GETTING YOUR AFFAIRS IN ORDER: MAKING YOUR FUNERAL WISHES KNOWN
When you are getting your affiars in order, it is important that your funeral and burial wishes are put in writing, so they are carried out after you die.
Such information should not be included in your last will and testament because the will may not be found until well after your death. A will is best used to explain the distribution of property, not for funeral and burial instructions.
To help ensure your wishes are known and followed after you die, you can write your funeral and burial directions in a separate document or you may be able to put your wishes in your health care directive.
At our office, clients who are getting their affairs in order, make funeral wishes oart of their healthcare power of attorney and living will. Clients can write out detailed funeral wishes including the disposition of their remains, information about who should be invited, where the funeral should be held (or not), what you want to wear, what music should be played, who should speak, who should be pallbearers, and so on.
Making these decisions ahead of time can not only inform everyone of what your wishes are, but it can also help your family members during a difficult time of grief.
It is important to make sure your family knows where to find the information. If your funeral and burial wishes are not known, then the responsibility of making those decisions will fall on your loved ones. If you are married, it will likely be the responsibility of your spouse. If you are not married, the responsibility often falls on children, parents, or next of kin and can often cause disagreements between family members.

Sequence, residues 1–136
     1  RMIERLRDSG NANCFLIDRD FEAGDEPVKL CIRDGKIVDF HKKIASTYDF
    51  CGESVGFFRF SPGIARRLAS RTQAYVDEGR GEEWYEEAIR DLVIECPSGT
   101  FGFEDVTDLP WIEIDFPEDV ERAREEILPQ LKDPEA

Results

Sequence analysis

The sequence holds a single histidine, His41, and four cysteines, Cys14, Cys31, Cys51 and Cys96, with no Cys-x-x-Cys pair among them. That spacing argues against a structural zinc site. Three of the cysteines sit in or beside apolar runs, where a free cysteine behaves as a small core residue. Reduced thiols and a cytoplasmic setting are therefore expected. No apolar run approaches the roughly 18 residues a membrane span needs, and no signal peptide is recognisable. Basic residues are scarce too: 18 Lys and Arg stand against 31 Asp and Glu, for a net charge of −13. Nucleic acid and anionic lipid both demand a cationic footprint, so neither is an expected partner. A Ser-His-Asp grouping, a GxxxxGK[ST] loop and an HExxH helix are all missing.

Often disagreements arise over whether a person wanted to be cremated or buried or where they were to be buried. Of course, the last thing a person wants is there family to fight over something like this after they’ve passed away.
Therefore, some people choose to make funeral arrangements with a funeral home before they die, but be wary of these pre-paid funeral plans. Consumers can lose money when pre-need funeral funds are misappropriated or misspent. A funeral provider could mishandle, mismanage or embezzle the funds and some go out of business before the need for the pre-paid funeral arises.
Whether to pre-pay for a funeral is a financial decision and outside of the expertise of an St. Peters attorney for wills. Funerals also can be expensive and it’s important to know different fees and services available for funeral services. This Federal Trade Commission guide can help: https://www.consumer.ftc.gov/articles/0301-funeral-costs-and-pricing-checklist
Legacy Law Center is an Estate Planning, Probate, and Elder Law Firm in St. Charles County Missouri. We can assist you with any questions or concerns you may have. Please call us today at 636-486-2669 to set up a free consultation.